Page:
Well, it’s been nearly two months since they were chosen but finally we are allowed to know who the secretive NomCom has chosen to become the three new members of the ICANN Board of Directors:
- Roberto Gaetano
- Steven Goldstein
- Rajasekhar Ramaraj
I have closely followed the process this time around – nominating myself and then making a big fuss about it – and I have had a few intelligent and reasoned conversations about the whole process. But I remain utterly convinced, I am afraid, that the entire NomCom procedure is ineffective and will rapidly descend into corrupt unless it is tackled immediately.
I’m sorry for all those, who I respect deeply, that have been a part both this year and in past years of the NomCom, but the procedure s flawed and if it isn’t sorted out very rapidly, the system will be rebuilt by those outside the close-knit Internet community – to everyone’s detriment.
I argued, nearly two months ago, that: “The NomCom will chose people who are either part of its clique or people it barely knows. You are either in close enough to have insider knowledge or you are an unknown entity and so there is no baggage. And that means the very people ICANN needs i.e. those with *some* knowledge of ICANN but who arenâ€™t so close that they donâ€™t have fresh perspectives, are the people least likely to be chosen.”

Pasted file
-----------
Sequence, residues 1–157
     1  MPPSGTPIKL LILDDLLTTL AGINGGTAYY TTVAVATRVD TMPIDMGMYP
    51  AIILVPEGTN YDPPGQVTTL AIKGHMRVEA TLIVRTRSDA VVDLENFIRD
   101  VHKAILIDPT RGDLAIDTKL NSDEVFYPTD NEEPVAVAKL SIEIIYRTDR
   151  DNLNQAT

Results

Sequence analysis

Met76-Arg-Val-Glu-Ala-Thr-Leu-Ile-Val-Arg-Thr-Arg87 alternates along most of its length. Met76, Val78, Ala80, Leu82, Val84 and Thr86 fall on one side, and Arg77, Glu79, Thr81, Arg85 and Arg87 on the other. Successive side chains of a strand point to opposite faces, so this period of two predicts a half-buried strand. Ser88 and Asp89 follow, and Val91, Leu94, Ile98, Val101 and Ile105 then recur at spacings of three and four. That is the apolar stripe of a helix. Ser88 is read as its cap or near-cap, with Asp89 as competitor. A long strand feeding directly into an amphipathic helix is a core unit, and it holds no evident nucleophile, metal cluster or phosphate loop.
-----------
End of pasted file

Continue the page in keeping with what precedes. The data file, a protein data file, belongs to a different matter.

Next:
I think this assertion is borne out by the choices made. I have no doubt whatsoever that all of those chosen are more than capable of the task, but Roberto Gaetano is the epitome of someone “close enough to have insider knowledge” and the other two are “unknown entities and so there is no baggage”. In fact, I believe I am right in saying that Steven Goldstein is ex-NSF – really old-school.
All my complaints remain – and are amplified by the fact that there has been no response to them – about the lack of transparency, the self-defeating, self-delusional belief that by being opaque that somehow the NomCom is being cleverly selective, rather than more elitist, in its decisions.
I have had a few conversations with people on the NomCom who were amazed at how inaccurate they felt my previous articles on this matter were. I can only say in response that if I am unable to dig up the reality of the situation (and I know a good many people involved personally) does anyone seriously believe the whole process has become anything but a revolving elite?
The NomCom process has to be reviewed. It is a mess, it is out-of-date, it is, frankly, naive in the extreme considering where we are now with the Internet. And if people inside it aren’t willing to do it themselves, they will find it isn’t long until someone decides to do it for them.
The choices are made. The process has been appalling. And ICANN’s NomCom seems determined to keep hold of the reigns, even when many of the individuals on the committee have learned that the Internet is now much bigger than the smaller social networks that have formed in the past two decades.
It’s now a matter of change or be changed.